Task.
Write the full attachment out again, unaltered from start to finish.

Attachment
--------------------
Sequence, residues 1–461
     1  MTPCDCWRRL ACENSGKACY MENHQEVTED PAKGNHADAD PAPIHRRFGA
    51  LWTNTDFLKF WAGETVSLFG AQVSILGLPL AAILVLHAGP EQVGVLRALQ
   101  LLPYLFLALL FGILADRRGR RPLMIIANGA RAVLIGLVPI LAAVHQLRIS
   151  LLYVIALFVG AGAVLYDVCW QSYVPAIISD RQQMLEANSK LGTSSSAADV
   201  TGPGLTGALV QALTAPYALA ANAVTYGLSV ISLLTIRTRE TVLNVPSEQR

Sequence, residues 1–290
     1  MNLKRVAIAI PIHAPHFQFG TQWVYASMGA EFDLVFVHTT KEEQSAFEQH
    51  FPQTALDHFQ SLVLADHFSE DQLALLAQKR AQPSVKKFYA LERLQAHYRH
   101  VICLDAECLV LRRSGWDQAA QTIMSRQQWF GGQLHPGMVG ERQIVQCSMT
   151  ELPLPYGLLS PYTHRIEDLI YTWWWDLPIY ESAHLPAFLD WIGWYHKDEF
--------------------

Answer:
Sequence, residues 1–461
     1  MTPCDCWRRL ACENSGKACY MENHQEVTED PAKGNHADAD PAPIHRRFGA
    51  LWTNTDFLKF WAGETVSLFG AQVSILGLPL AAILVLHAGP EQVGVLRALQ
   101  LLPYLFLALL FGILADRRGR RPLMIIANGA RAVLIGLVPI LAAVHQLRIS
   151  LLYVIALFVG AGAVLYDVCW QSYVPAIISD RQQMLEANSK LGTSSSAADV
   201  TGPGLTGALV QALTAPYALA ANAVTYGLSV ISLLTIRTRE TVLNVPSEQR

Sequence, residues 1–290
     1  MNLKRVAIAI PIHAPHFQFG TQWVYASMGA EFDLVFVHTT KEEQSAFEQH
    51  FPQTALDHFQ SLVLADHFSE DQLALLAQKR AQPSVKKFYA LERLQAHYRH
   101  VICLDAECLV LRRSGWDQAA QTIMSRQQWF GGQLHPGMVG ERQIVQCSMT
   151  ELPLPYGLLS PYTHRIEDLI YTWWWDLPIY ESAHLPAFLD WIGWYHKDEF